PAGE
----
If temperature sensor 28 is now considered as well, inspection of the circuit clearly shows that the circuit responds to a high temperature by only allowing single-ended operation, thereby limiting the dissipated power.
FIG. 6 is a more detailed diagram of a practical embodiment of the circuit according to the invention. The same reference numerals as FIG. 3, increased by 100, have been used for the identical components.
The circuit of FIG. 6 comprises two differential amplifiers 110 and 112 driving a load 122 and a series capacitor 124. Input signal Vin is applied directly to the positive input of amplifier 110, but is inverted in an inverter 41 before it is applied to the positive input of amplifier 112. The outputs of the two amplifiers 110 and 112 drive the load, as in FIG. 1, through respective push-pull stages which comprise pairs of NPN transistors 42, 44 and 46, 48. A diode 49 is arranged in parallel to the latter transistor. The power supply of the amplifier furthermore comprises an electronic switch 51 connected in series.
Amplifier 110 is regulated by a feedback unit comprising an operational amplifier 52 with a voltage divider formed by resistors 53, 54 on an output node 50, and with a feedback resistor 56 and a limiting resistor 58, in order to lead the signal existing across load 22 back to the negative input. Amplifier 112 is similarly regulated by resistors 61, 62 which lead the signal existing on output node 60 to its negative input.
The inverted input signal Vin is also applied to an amplifier 64, the output whereof is rectified by a rectifier 66 and smoothed out by a capacitor 68 in order to provide an average signal to a threshold circuit 70, the output whereof is the logic signal Sv described with reference to FIG. 3. A temperature sensor 128 similar to the one of FIG. 3 provides a logic signal St, and both signals Sv and St are combined in an OR gate 136 to produce a global logic signal So. Signal So is applied to an actuator 141 consisting in a bistable device which on one hand drives transistor 48 and, on the other hand, controls the opening and closure of electronic switch 51 on the power supply of amplifier 112, similarly to what is described for FIG. 3. A capacitor 72 is connected in parallel to the ground at the output of actuator 140 in order to smooth out the transition steps between one condition of the actuator and the other, avoiding sudden transients on the load (so-called "pop noise").
When signal So is 1, electronic switch 51 is open, amplifier 112 is off and transistor 48 conducts stably. When signal So drops to 0, switch 51 closes, amplifier 112 switches on and transistor 48 is left free to follow normal push-pull operation. During single-ended operation, the signal current on load 122 flows out of the node at the output of amplifier 112 and flows into the ground node during the positive half-wave of Vin, whereas it flows out of the ground node and flows into said node during the negative half-wave of Vin. Transistor 48 and diode 49 are then alternately affected by conduction in the two half-periods. In consideration of the above, the overall operation of the circuit of FIG. 6 is similar to that of FIG. 3.
In order to avoid distortions in the amplification and to keep the gain constant in all operation conditions, the activity of the feedback unit on differential amplifier 110 is essential, as explained hereinafter.
If the resistances of the resistors 53, 54, 56, 58, 61 and 62 are denoted by R1, R2, R3, R4, R5 and R6, and analyzing the circuit in single-ended operation, signal V2 on node 60 is zero, while signal V1 on node 50 is: ##EQU1##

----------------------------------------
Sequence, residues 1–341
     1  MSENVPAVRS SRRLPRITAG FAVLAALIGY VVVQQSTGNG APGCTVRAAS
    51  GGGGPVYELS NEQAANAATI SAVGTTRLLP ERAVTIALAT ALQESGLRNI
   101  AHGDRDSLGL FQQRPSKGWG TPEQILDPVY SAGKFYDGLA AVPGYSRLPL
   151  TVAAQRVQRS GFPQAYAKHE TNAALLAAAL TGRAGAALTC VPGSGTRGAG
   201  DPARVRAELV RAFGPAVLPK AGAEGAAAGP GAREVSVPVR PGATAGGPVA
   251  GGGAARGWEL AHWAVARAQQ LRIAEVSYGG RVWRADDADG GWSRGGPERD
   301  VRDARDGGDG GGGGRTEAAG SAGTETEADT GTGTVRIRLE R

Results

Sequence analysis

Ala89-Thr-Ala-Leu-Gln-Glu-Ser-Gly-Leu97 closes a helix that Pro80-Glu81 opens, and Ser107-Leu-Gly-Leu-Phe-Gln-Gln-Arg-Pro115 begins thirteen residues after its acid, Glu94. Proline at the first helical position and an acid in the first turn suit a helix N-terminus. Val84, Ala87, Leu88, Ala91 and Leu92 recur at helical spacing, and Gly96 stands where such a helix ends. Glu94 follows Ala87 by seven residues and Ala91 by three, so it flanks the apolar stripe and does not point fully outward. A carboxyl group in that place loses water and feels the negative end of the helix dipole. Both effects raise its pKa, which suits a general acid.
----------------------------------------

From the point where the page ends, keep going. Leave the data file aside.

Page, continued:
However, in real conditions V2 is not exactly zero but rather has a residual value which is linked to the conductions of transistor 48 and of diode 49; this value, if not corrected, creates distortion. The correction is obtained by imposing a unit ratio between V1 and V2, i.e. V1 /V2 =1. From the above defined relation, it is therefore apparent that the following relation must hold: ##EQU2##
In the bridge configuration, signal V2 is given by: ##EQU3##
The difference of signal V2 from V1 is the useful signal on the load. In order to have the maximum range for both outputs in the bridge operating condition, the gain of 112 should be half the gain of 110, i.e. ##EQU4##
Relations (1) and (2) must therefore be satisfied in order to have minimum distortion with maximum signal range. For instance, in a practical implementation, with a 20 dB gain, the following values have been used: R1 =R4 =10 kOhm, R5 =4 kOhm, R2 =R3 =R6 =1 kOhm.
While preferred embodiments of the invention have been described, it is understood that the man skilled in the field can easily devise other changes and variations within the scope of the inventive concept.
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|Citing Patent||Filing date||Publication date||Applicant||Title|
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|US7813515||Jun 9, 2004||Oct 12, 2010||Stmicroelectronics, S.R.L.||Multi-channel power amplifier with channels independently self-configuring to a bridge or single-ended output, particularly for audio applications|
|US8330539||Nov 25, 2009||Dec 11, 2012||Nxp B.V.||Dynamic switchable mode dual bridge power amplifier|
|US20030223595 *||Apr 23, 2003||Dec 4, 2003||Koichi Hayama||Shock sound prevention circuit|
|US20030228024 *||Apr 23, 2003||Dec 11, 2003||Koichi Hayama||Shock sound prevention circuit|
|US20050024139 *||Jun 9, 2004||Feb 3, 2005||Stmicroelectronics S.R.L.||Multi-channel power amplifier self-configuring to a bridge or single-ended output, particularly for audio applications|
|US20050025323 *||Jun 9, 2004||Feb 3, 2005||Stmicroelectronics S.R.L.||Multi-channel power amplifier with channels independently self-configuring to a bridge or single-ended output, particularly for audio applications|
|US20110123040 *||Nov 25, 2009||May 26, 2011||Nxp B.V.||Dynamic switchable mode dual bridge power amplifier|
|U.S. Classification||330/51, 330/146|
|International Classification||H03G3/20, H03G3/30, H03F1/02|
|Cooperative Classification||H03G3/3026, H03F2200/468, H03F1/0277|
|European Classification||H03G3/30B8, H03F1/02T3|
|Jun 19, 1991||AS||Assignment|
Owner name: SGS THOMSON MICROELECTRONICS S.R.L., ITALY
Free format text: ASSIGNMENT OF ASSIGNORS INTEREST.;ASSIGNORS:TORAZZINA, ALDO;MURARI, BRUNO;REEL/FRAME:005733/0853;SIGNING DATES FROM 19910506 TO 19910513
|Sep 22, 1995||FPAY||Fee payment|
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|Sep 3, 2003||FPAY||Fee payment|